On Election Day, I am at the bedside of my father, James A. Fallows MD, who is nearing the end of his extraordinary life. Six months ago, when he first seemed mortal, I was grateful for the opportunity to talk about him at the college he attended for two years -- before being rushed straight to medical school for service as a Navy doctor -- and from which he received his honorary bachelor's degree 60 years later.
Just now I have received a note that expresses more vividly than I could what a life well, fully, and joyously lived can mean. I share it now, with the writer's permission, at a time when my dad himself can no longer appreciate it but while it is not yet purely retrospective.
The note begins:
My name is Erin Cox-Holmes, and I'm a fan of the Atlantic ...As I was trolling sites today, waiting
through the nail-biter until the results came in, I happened upon your site.
And, as I always do when I see your name, I thought of your dad.
It continues below:
I grew up in Redlands; my mom, Shirley Cox, was a nurse at
the Beaver Medical clinic [where my father worked]. Your dad was our family doctor.
In 1978, when I was 18, a second year student at the U of R [U of Redlands]
counting the days until departure for the Salzburg semester, I found a series
of lumps on the back and side of my neck. My mom was worried about me, and
talked your dad's nurse into working me in. This was one week before Christmas.
I went in casually, and watched your dad's face go from nonchalant to veiled as
he felt the side of my neck. He dismissed my mother to the waiting room, and
then told me that he thought there was a 95% chance that I had lymphoma, and,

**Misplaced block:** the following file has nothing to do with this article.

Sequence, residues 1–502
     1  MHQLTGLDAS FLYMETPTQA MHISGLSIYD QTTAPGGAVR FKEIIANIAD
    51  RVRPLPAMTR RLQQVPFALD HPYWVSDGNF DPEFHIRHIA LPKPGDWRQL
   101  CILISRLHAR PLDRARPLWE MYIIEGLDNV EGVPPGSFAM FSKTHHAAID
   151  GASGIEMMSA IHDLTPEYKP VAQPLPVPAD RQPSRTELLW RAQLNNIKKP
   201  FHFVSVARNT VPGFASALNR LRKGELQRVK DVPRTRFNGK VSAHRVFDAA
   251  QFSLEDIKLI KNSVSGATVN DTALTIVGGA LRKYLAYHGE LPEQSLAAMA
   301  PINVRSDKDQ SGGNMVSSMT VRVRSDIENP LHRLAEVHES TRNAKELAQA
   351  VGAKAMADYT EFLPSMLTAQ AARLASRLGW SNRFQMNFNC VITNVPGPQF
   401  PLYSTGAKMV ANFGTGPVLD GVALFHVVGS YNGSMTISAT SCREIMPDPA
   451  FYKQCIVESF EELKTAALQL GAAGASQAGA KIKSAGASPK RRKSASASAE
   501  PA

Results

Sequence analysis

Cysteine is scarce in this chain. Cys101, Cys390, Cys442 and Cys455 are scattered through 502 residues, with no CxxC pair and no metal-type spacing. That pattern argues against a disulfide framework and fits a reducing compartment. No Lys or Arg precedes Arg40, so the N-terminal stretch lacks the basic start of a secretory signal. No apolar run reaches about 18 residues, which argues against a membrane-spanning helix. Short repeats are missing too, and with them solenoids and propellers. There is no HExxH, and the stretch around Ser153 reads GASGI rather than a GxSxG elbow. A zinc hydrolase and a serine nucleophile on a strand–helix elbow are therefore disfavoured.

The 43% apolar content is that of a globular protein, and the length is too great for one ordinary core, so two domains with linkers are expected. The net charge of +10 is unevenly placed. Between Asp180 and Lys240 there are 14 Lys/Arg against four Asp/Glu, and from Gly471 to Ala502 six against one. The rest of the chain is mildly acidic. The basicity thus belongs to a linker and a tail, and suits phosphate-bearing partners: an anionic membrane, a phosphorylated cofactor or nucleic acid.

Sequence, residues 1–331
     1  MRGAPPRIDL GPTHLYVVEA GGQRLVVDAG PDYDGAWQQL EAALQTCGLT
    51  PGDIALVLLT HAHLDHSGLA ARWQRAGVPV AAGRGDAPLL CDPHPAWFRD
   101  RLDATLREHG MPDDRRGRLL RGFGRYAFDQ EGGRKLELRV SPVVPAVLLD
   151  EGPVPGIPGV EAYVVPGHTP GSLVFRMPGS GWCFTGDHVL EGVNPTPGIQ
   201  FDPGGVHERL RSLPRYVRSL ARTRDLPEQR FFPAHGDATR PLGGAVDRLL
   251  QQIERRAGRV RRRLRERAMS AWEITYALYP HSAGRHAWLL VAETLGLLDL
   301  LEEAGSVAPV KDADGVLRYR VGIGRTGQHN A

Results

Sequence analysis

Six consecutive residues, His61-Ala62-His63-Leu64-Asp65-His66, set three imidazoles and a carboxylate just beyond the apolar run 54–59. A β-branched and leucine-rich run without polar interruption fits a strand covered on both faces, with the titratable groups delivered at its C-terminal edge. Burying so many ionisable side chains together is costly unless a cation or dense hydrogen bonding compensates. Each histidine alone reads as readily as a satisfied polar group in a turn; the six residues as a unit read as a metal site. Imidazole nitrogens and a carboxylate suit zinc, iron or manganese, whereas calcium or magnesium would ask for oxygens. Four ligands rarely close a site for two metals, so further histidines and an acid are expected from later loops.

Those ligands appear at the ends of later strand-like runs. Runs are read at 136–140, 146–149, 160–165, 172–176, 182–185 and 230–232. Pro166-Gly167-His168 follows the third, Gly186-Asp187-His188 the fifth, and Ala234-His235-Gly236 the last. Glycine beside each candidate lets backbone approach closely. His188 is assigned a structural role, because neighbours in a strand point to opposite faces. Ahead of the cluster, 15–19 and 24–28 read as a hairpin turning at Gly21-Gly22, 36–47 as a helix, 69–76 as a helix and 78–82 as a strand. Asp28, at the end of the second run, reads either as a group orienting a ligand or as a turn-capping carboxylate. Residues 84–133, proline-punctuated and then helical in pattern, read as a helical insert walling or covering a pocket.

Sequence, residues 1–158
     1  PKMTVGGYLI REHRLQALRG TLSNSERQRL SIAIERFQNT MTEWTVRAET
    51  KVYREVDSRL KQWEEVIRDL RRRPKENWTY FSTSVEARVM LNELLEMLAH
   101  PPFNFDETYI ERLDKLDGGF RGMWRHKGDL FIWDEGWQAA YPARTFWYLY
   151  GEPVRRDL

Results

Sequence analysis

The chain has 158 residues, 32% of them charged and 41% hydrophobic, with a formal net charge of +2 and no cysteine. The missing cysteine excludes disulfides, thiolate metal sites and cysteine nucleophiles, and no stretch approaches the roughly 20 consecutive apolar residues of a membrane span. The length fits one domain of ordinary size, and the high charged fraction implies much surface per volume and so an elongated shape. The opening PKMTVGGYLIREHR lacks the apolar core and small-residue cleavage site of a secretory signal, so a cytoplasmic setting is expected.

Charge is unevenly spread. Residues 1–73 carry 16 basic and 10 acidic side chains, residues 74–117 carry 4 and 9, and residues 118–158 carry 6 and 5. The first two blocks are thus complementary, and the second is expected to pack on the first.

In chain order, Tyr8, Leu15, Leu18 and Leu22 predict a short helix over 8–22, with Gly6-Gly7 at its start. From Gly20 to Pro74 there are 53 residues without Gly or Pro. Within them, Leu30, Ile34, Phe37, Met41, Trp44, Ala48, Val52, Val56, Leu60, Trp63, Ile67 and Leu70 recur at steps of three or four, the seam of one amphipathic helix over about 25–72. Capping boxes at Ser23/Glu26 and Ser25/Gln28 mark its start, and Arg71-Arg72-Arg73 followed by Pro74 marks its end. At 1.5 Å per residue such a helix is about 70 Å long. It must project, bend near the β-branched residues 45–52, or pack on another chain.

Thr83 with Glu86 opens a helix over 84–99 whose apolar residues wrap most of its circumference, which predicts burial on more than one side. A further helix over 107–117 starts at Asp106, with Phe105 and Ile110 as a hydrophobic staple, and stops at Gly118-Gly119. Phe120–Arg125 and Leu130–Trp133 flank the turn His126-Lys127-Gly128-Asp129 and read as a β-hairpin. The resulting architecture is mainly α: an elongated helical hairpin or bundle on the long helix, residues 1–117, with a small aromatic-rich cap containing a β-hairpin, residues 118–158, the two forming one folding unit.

if I did, there was a 90% chance I'd be dead in six months.
There's no flowery way to deliver that kind of message. He
said it baldly, and simply. The depth of ache in his eyes was from someone who
had to deliver news like that on a regular basis, but never got used to it....
He tactfully put it that he
thought I would like time to let it sink in before we called my mother in and gave
her the news. He just sat there with me for about five minutes, and then
brought my mother back in. ...I'd had enough time
to breathe that I could manage my pounding heart, and also cope with her
Our family was barely surviving financially, and he also
personally went to talk to "her" doctor, the urologist, to convince him to give
her the rest of the afternoon off, with pay.
Diagnosis being what it was back then, a biopsy was
the only way to actually know what was happening inside people's skins. The
first available date was after the New Year. I have no idea what strings your
dad pulled, or what family plans of yours got ruined, but he managed to get an
operating room late in the day on Christmas Eve, so we wouldn't go through the
holiday without knowing. (He asked if I would rather know or not, on Christmas
morning, and I wanted to know.)
I knew after surgery that I would know by the
length of the incision whether it was a benign lump or a tumor, but was not
prepared to wake up in recovery, and discover that I was so thoroughly bandaged
that I would not be able to tell.
I woke up by myself, felt the bandages on my neck, couldn't
call anyone due to the after-effects of the breathing tube. But your dad
appeared one minute later, and said that he'd been watching, so that I wouldn't
wake up alone to wonder. And, I'm sure the glimmer I saw in his eyes wasn't
merely a reflection of the florescent lights, when he told me the lumps were
benign. That long-healed line on my neck is still tender, and I never finger it,
without remembering his remarkable kindness, that small town doctor, in a world
which has passed by.
Your blog entry today says that you are at a medical
facility on family business, and I thought the remembrance of your dad's mercy
might cheer you as you face whatever this day brings to you and yours.